I was born and grew up in Texas with three brothers and one sister. I went to undergraduate school and law school at The University of Texas at Austin. I graduated from both with honors. I became fully self-supporting during my sophomore year in college and, knock on wood, have stayed that way ever since.
I paid for my education (and recreation) by working on oil rigs and pipelines, pouring concrete on a new expressway, and building and painting houses. When you do those kinds of jobs, you learn how to get along with hard-working people whose collars are blue and whose necks are red, and you find out the ways that those people are different, and not so different, from the ones in the so-called ivory towers. I believe that the lessons I learned outside of the classroom, as much as any I ever learned in it, have helped me to become the trial lawyer that I always aspired to be.
I started my trial career as a criminal and then civil Assistant United States Attorney for the District of Columbia. I left public service to go into private practice as a defense attorney in nursing home cases. I have defended hundreds of nursing home cases over the last quarter of a century and have handled numerous trials all over the country. I “lost” only one of those trials, in a case in D.C. Superior Court some fifteen years ago. The jury returned a verdict for the plaintiff for just under $22,000. That number was (1) far less than my client’s last settlement offer; (2) less than half of what the plaintiff’s counsel assured me he had spent just to take the case to trial; and (3) a tiny fraction of the plaintiff’s final six-figure pretrial settlement demand.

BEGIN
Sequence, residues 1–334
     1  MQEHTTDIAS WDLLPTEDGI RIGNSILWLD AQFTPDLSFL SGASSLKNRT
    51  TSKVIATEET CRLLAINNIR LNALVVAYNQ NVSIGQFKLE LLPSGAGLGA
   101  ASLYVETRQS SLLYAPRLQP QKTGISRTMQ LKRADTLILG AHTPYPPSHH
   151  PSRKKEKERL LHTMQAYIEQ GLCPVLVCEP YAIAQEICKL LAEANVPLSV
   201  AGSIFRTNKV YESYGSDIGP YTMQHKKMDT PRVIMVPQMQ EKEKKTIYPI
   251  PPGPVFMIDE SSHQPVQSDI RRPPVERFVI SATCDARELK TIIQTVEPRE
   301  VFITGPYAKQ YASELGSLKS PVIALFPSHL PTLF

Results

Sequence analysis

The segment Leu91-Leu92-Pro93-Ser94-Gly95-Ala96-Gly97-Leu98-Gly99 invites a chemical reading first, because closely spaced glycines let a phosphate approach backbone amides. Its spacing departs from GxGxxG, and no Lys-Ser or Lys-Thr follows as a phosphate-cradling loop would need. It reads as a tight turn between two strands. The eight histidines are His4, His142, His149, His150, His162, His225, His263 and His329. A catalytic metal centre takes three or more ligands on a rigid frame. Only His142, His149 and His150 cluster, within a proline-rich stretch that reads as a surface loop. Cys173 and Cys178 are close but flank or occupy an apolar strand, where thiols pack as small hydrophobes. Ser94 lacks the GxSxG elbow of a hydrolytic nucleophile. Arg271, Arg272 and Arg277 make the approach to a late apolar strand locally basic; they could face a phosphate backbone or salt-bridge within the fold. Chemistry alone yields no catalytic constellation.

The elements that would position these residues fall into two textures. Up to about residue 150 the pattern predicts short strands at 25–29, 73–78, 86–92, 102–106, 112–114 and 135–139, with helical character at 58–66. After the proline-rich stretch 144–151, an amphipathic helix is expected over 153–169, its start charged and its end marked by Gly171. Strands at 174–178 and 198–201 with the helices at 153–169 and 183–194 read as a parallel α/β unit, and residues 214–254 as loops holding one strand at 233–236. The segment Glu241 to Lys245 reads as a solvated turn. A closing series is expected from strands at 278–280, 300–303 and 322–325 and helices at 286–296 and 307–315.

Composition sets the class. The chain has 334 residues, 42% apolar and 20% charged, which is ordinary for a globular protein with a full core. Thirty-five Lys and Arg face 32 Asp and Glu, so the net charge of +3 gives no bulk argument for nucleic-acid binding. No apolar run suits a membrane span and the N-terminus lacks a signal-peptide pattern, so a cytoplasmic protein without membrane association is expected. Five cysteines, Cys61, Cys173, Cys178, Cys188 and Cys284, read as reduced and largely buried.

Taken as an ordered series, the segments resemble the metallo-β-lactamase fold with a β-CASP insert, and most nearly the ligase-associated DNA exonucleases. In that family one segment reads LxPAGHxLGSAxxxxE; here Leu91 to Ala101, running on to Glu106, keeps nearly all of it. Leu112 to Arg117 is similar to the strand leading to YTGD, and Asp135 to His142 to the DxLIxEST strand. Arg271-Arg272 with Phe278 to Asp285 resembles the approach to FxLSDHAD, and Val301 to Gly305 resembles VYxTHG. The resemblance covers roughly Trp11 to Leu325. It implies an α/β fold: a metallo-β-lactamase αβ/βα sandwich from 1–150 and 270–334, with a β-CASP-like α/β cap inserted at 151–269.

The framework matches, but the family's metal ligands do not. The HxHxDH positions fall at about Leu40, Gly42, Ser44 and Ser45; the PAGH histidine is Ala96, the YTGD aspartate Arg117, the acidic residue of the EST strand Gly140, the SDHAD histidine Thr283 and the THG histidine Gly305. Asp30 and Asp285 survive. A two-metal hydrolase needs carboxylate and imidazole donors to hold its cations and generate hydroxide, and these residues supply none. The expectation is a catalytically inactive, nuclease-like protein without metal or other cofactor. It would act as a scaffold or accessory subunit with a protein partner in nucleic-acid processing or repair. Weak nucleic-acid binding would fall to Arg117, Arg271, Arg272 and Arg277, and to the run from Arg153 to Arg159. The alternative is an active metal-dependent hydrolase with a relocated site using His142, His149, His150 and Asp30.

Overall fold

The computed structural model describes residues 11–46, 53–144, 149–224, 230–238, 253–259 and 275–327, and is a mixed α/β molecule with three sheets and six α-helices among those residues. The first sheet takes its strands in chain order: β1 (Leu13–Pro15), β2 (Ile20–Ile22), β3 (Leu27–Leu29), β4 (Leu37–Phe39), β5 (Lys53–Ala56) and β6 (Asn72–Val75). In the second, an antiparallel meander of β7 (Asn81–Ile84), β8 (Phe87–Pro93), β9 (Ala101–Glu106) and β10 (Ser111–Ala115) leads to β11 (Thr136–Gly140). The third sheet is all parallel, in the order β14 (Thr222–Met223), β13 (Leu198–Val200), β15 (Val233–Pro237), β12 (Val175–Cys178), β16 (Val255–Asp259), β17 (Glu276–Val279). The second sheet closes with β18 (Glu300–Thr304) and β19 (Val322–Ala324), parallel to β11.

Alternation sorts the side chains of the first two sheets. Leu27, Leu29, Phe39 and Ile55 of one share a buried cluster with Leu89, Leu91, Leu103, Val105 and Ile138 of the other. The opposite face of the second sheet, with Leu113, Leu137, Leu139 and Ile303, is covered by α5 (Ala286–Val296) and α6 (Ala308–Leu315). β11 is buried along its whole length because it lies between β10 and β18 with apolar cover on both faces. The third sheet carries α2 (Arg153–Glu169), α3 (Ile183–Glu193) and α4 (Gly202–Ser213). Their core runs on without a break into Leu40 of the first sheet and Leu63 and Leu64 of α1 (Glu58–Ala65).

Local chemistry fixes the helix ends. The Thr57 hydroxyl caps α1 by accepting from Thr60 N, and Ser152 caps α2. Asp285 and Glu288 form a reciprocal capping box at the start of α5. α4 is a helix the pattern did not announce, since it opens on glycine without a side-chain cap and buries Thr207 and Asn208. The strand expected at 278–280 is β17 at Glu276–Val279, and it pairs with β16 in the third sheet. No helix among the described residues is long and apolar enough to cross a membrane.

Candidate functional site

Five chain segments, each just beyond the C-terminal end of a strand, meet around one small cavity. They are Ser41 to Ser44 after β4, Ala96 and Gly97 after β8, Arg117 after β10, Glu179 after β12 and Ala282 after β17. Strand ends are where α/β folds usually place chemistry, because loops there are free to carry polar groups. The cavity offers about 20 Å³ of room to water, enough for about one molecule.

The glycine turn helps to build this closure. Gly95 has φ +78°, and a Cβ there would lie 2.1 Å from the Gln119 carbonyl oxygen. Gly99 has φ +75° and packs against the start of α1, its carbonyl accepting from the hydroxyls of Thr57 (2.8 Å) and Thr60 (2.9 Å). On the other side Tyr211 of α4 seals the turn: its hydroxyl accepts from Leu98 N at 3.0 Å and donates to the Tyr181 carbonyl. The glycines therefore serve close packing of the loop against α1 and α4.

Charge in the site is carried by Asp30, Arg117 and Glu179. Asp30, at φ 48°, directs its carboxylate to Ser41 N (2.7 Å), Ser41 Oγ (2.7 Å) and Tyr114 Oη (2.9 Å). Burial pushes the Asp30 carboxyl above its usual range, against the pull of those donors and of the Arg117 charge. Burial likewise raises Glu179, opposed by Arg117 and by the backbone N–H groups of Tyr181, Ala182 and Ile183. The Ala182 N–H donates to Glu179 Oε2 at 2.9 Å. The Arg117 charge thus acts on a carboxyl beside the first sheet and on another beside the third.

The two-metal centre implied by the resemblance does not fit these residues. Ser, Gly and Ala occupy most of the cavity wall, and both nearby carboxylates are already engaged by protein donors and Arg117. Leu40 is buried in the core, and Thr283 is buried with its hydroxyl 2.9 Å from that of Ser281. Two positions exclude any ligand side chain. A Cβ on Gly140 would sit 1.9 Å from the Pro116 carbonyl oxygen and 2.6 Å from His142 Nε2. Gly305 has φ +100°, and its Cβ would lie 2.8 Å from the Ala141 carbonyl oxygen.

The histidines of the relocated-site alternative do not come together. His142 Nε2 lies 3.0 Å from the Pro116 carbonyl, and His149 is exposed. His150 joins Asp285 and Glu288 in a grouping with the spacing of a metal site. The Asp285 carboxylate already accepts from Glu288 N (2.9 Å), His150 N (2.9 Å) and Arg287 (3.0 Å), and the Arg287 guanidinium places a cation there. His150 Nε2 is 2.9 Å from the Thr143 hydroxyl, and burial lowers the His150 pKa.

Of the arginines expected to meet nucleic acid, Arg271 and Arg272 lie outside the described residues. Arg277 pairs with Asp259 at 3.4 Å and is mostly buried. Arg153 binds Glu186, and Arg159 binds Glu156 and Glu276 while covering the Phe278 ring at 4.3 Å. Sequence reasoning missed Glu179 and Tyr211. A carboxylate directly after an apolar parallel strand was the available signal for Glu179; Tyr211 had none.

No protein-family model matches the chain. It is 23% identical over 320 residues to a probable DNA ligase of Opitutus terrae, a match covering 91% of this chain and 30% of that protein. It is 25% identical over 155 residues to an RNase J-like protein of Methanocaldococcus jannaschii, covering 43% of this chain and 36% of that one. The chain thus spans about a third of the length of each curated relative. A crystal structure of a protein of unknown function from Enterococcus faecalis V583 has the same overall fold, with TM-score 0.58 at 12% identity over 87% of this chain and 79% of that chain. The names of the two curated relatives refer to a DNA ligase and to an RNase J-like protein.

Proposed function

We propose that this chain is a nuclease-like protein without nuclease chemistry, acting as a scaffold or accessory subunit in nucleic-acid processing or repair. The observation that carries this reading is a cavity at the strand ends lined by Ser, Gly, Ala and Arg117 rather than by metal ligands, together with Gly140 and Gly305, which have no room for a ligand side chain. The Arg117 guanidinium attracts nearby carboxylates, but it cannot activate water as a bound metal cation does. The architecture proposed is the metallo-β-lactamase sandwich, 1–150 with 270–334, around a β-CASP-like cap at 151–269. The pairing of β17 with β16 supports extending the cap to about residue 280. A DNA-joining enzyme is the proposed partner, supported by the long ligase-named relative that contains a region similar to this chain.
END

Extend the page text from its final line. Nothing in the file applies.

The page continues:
In one of my favorite defense cases, the plaintiff’s lawyers turned down my client’s settlement offer of five million dollars and then received a final arbitration award of nothing after my co-counsel and I bested them in a week-long evidentiary hearing in Milwaukee. Zero.
Over the course of my career, I have been quoted or mentioned in articles in such publications as Time Magazine, The Wall Street Journal, and The Legal Times of Washington, and I have even been called upon from time to time to give some legal commentary on television news programs. I have made countless presentations to trade industry groups and legal associations, most recently on potential litigation issues arising from the Covid19 pandemic.
Prosecuting Your Nursing Home Malpractice Case: Useful Information That May Help You Navigate The Process In Maryland
This book briefly discusses the common concerns of people about people and helps them identify possible cases. Different case studies are presented in the book to help people understand the real issues and procedures of filing a claim.